STOCK SPECIFICS: Elliott Investment Management has reportedly built a significant stake in Catalent (CTLT), and wants changes in the drugmaker's board, according to WSJ. Catalent has faced challenges recently, including financial losses and operational issues. Apple (AAPL) is reportedly facing challenges assembling its two upcoming new iPhone models, the iPhone 15 Pro and Pro Max, which could lead to a shortage of units at launch in September, according to The Information citing sources. FTC to pause Microsoft (MSFT)/Activision (ATVI) merger trial, allowing settlement talks, according to Bloomberg. Move would allow Microsoft and Activision to speak with commissioners.


The Dollar was firmer Thursday, with the index peaking at 100.97 as it just failed to clip the round figure, after multi-month lows in initial jobless claims helped the Buck furore higher with the accompanying jump higher in US yields, not to mention the risk aversion in stocks. Initial claims printed 228k (exp. 242k, prev. 237k) the lowest since early May, while continuing claims rose to 1.754mln (exp. 1.729mln, 1.729mln). Philly Fed (Jul) diverged from NY Fed on Monday, as current indicators remain weak, highlighted by the headline miss, and prices received index soared higher, although prices paid did decline. The US calendar for Friday is very quiet with only a few earnings as market participants position into the key FOMC meeting next week.

Swissy underperformed amid the rampant Treasury yields, and other bond yields for that matter, as USD/CHF reversed from a low of 0.8562 to a high of 0.8684.

Aussie was the G10 outperformer, albeit only flat in the end against the resurgent Buck, as it saw a boost on the hot jobs report as the headline beat and the unemployment rate unexpectedly fell. As such, AUD/USD posted a peak of 0.6846 but pared a large part of the move throughout the US session to hit a trough of 0.6766. Despite the bout of Aussie strength, the Kiwi was lower vs the Buck on general risk-aversion, as opposed to anything currency specific, with NZD/USD trading between 0.6214-0.6308, and unsurprisingly resides towards the bottom end of the range at time of writing.

Yen saw slight losses, and while it managed to defend 140 at the NY cut amid 3.7bln of option expiries around the big figure, it only proved transitory as the cross soon burst through the key level to highs of 140.49, within touching distance of the 50DMA at 140.50. A slight paring off lows in Treasuries in the NY afternoon catalysed a pullback towards the 140 figure later on. Market participants await the pivotal Japanese CPI overnight where the Core Y/Y (Jun) is expected to marginally rise to 3.3% (prev. 3.2%). Although, analysts do note BoJ Governor Ueda's steady policy outlook, weakening Japanese exports, government growth forecasts and likely less fiscal stimulus argue in Ueda and Yen bears' favour.

Euro and Sterling saw similar losses vs the Greenback, as while the single-currency initially derived some short-lived traction via not as weak as anticipated flash Eurozone consumer confidence, coinciding with sub-consensus US existing home sales, it soon reverted to the downside. EUR/USD hit a low of 1.1119, managing to defend 1.1100 to the downside. Meanwhile, Sterling continued to suffer in wake of softer UK CPI data and Cable tested the resolve of underlying bids around the semi-psychological 1.2850 mark after losing sight of a Fib that helped contain declines on Wednesday. Looking ahead, UK participants will be awaiting Friday’s retail sales (Jun).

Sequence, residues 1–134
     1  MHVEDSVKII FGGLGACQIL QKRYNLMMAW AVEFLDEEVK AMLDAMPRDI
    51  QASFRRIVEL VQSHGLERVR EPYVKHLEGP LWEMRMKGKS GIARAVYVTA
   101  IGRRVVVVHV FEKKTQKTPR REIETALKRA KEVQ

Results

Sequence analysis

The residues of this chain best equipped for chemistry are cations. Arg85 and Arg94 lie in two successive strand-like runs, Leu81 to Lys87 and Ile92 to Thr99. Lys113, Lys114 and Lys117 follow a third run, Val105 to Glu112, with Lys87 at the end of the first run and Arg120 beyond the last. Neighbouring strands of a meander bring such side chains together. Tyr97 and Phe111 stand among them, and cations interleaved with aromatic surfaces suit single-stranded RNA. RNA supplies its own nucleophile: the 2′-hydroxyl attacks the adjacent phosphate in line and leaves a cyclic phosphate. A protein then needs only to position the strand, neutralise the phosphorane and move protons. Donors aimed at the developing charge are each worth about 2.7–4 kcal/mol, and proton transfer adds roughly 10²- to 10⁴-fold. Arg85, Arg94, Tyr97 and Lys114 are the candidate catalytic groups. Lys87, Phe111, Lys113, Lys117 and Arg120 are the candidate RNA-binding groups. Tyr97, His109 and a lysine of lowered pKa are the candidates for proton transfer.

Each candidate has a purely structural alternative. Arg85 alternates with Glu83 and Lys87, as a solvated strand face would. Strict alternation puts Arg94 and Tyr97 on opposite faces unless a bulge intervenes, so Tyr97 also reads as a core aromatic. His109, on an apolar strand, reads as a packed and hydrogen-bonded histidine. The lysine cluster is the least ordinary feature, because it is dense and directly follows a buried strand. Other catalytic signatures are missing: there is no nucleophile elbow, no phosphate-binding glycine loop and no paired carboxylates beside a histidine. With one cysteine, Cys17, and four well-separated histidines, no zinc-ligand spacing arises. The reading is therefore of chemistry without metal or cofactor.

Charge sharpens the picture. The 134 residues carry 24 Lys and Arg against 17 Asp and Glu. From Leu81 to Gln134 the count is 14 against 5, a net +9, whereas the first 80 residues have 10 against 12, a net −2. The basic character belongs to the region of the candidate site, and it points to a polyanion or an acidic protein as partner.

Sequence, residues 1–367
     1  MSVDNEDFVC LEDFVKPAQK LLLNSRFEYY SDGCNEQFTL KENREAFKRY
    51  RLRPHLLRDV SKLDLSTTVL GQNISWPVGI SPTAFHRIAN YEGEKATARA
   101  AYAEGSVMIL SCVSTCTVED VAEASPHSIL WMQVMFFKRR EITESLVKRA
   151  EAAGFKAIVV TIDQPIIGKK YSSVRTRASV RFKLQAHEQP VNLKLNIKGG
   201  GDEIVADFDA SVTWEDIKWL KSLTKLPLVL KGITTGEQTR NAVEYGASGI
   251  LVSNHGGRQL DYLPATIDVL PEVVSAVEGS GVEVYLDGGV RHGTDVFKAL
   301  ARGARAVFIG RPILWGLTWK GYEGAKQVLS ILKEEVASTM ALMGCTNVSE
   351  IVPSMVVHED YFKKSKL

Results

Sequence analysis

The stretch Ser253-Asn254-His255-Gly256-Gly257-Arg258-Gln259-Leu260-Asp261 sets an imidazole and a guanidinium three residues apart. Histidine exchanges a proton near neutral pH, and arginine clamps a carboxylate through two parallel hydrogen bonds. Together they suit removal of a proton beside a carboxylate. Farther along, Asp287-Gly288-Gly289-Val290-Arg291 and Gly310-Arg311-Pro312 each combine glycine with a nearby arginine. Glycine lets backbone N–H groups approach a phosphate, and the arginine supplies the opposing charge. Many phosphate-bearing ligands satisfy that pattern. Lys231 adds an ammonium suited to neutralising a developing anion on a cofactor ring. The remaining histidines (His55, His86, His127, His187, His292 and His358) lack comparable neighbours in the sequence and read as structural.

Loonie was more-or-less flat and while general risk sentiment did not support the Loonie, the crude complex did with the marginal gains seen. In terms of levels, USD/CAD traded within narrow ranges illustrated by a low of 1.3120 and a high of 1.3194. The calendar slate is sparse for Friday, with only the dated Canadian retail sales (May) scheduled.

Yuan managed to reside in the black amid supportive comments for the Chinese economy and a huge boost from the PBoC reference rate. PBoC also hiked a technical cross-border financing tool, which in short, allows a greater influx of foreign capital, but whether that provides support is dependent on the demand for foreigners to invest in the region. Meanwhile, China is reportedly considering mortgage easing to spur buying in the large cities and Vice Premier noted it will prevent fiscal and financial risks in new infrastructure.

EMFX was almost exclusively in the red vs the Buck. TRY was flat and left in limbo by the CBRT that underwhelmed in terms of tightening (250bps hike was half the consensus) and only partly compensated with credit and QT measures. HUF underperformed irrespective of the Hungarian government announcing a budget review for September and pledging to take measures if necessary, adding that there is no need for further action to contain the deficit for now, but the PLN coped quite well with more dovish talk from the NBP (Dabrowski said if the share of wages in GDP is under control and inflation falls quickly then there will be space for rate reductions) and mainly sub-par Polish data. The MXN was rattled by Mexican retail sales undershooting expectations.

ZAR saw immediate weakness in wake of the SARB rate decision, where the central bank held rates at 8.25%, as Refinitiv expected, although some did have expectations for a 25bps to 8.50%. Nonetheless, the board voted 3-2 in favour for holding rates, with the other two opting for a 25bps hike. Inflation forecasts were downwardly revised across the board but the bank did note risks are assessed to the upside. Numerically, 2023 CPI seen at 6.0% (prev. 6.2%) with core at 5.2% (prev. 5.3%), while 2024 seen at 5.0% (prev. 5.1%), and core at 4.9% (prev. 5.0%). Regarding GDP, 2023 is now seen at 0.4% (prev. 0.3%) with 2024 left unchanged at 1.0%.